Posted January 19, 2010 9:35 am by with 2 comments

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I realize that what I am about to write is a stretch but just go with it for a minute. In the past week we have seen Google act as if they are standing up to the Chinese government by not censoring their search results and thus risking expulsion from the world’s largest market. A market in which they are getting beat. Now Microsoft is bowing to pressure from an European advisory board to purge all data from their records after 6 months vs. the 18 months that the major search engines usually do. The New York Times report:

John Vassallo, a Microsoft vice president and associate general counsel, said the company would introduce the changes over the next 18 months, aiming to satisfy a European advisory group that has been critical of how search engines collect and retain data on individuals for advertising purposes.

In 2008, a panel comprised of national privacy regulators from each European Union country asked Microsoft, Google and Yahoo! to eliminate such data, including a computer’s unique identification number, location and the text typed into search fields, after six months.

Like other search engines, Microsoft had been keeping user data for more than 18 months. Last year, Microsoft changed its policy to make the individual’s I.P. address anonymous after six months.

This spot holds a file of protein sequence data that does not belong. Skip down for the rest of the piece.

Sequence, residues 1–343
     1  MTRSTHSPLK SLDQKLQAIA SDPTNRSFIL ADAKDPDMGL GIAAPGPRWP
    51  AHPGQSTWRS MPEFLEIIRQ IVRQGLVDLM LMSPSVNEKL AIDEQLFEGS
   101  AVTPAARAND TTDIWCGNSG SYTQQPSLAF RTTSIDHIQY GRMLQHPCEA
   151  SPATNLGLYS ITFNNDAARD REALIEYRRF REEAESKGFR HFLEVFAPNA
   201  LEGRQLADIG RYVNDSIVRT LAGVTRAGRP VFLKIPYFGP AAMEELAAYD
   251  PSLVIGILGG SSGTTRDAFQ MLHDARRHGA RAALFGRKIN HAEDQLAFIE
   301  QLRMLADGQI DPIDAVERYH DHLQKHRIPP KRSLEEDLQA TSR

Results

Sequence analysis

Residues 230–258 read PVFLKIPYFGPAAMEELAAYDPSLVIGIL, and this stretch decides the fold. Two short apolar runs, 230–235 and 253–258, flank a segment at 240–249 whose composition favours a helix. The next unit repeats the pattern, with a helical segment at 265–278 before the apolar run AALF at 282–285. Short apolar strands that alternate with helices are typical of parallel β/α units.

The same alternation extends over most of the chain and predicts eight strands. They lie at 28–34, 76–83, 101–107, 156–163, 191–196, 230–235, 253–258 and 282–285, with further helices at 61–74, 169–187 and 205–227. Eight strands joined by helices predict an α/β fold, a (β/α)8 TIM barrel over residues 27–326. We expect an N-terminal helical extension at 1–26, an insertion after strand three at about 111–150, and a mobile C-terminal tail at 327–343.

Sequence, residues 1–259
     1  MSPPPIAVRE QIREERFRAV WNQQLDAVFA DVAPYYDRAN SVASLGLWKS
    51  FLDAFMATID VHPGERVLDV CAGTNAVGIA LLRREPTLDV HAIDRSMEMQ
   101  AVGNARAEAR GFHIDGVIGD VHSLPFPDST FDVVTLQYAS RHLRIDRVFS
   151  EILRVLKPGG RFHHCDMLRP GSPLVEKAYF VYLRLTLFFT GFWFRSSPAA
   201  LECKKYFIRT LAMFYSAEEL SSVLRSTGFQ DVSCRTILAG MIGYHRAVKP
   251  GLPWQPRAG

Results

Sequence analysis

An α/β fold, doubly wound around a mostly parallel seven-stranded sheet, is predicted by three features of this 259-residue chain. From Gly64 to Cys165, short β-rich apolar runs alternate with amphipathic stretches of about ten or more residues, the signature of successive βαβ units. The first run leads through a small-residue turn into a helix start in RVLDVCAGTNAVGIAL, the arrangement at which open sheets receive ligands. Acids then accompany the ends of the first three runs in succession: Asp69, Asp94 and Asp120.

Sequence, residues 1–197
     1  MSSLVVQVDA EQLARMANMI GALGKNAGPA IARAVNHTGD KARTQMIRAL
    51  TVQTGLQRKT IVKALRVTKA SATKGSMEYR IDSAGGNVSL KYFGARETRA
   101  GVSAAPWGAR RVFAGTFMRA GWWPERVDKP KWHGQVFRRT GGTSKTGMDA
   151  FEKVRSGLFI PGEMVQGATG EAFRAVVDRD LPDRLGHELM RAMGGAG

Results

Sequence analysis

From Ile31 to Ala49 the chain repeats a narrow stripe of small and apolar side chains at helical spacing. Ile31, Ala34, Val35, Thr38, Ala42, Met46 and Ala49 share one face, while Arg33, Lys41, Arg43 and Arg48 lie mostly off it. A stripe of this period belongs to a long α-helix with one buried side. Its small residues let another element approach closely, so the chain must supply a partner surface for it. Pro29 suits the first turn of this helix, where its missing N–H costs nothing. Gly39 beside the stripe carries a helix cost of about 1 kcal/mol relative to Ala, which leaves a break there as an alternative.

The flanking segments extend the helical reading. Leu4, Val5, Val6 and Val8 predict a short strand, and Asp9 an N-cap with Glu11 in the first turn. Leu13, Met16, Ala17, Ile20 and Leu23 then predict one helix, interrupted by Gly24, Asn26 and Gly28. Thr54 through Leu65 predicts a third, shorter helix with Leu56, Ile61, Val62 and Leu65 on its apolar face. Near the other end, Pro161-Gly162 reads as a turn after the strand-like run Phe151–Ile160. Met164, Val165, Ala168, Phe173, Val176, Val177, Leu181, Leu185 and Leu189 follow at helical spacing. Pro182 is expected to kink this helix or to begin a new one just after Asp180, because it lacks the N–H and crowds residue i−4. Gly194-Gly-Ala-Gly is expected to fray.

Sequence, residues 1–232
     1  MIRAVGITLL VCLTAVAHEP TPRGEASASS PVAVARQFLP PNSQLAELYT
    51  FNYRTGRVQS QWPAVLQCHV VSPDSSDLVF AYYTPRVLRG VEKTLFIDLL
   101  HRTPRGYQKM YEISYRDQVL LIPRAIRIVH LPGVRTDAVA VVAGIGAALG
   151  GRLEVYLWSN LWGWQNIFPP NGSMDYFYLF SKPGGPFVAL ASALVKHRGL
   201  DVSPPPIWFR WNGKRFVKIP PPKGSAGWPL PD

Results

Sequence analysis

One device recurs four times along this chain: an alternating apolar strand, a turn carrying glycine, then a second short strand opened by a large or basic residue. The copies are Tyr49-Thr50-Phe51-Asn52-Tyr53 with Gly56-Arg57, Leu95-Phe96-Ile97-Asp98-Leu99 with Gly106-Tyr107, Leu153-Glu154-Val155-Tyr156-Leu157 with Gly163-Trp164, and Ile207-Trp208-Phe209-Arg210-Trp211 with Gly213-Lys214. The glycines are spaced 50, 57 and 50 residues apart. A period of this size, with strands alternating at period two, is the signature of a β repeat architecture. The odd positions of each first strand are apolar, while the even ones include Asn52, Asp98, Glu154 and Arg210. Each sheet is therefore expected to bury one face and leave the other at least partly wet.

So far, only Microsoft has agreed to comply fully with the panel’s request. Google and Yahoo have said they need to hold on to some data longer than six months to refine the functioning of the search engines.

Now here is where we go into the “what if” part of the post because I have no evidence of this hypothesis being true other than observation and drawing inferences from those observations. What appears to be happening is that companies are using pressure from foreign governments to help redefine their own competitive environment in these areas.

Hear me out. Google was very vocal in their “stand” against the Chinese and by “standing up” and taking a position that looks very strong on the surface they are actually forcing others to consider the same. Why? Because if Google is turning it’s back to some degree on the largest market on the planet for “moral” reasons as well as business ones, how does that make their competitors that stay look? Not as good as Google for sure. In fact, it leaves the rest having to defend their decisions to do business in China which never is the best position for a brand to be in.

Now we have Microsoft who is in essence getting its clock cleaned in the search business by Google. They have invested a lot of their future in the bingahoo deal. There seem to be mounting evidence that the only market share gains that are likely when the union of bing and yahoo occurs are that of having one number instead of two to measure the two engines’ market share. Individually they both lost ground in December of ’09 so things are not going well.

How could they possibly slow down Google? Be the first to bow to the pressure of this advisory board in Europe and make statements like this.

So far, only Microsoft has agreed to comply fully with the panel’s request. Google and Yahoo have said they need to hold on to some data longer than six months to refine the functioning of the search engines.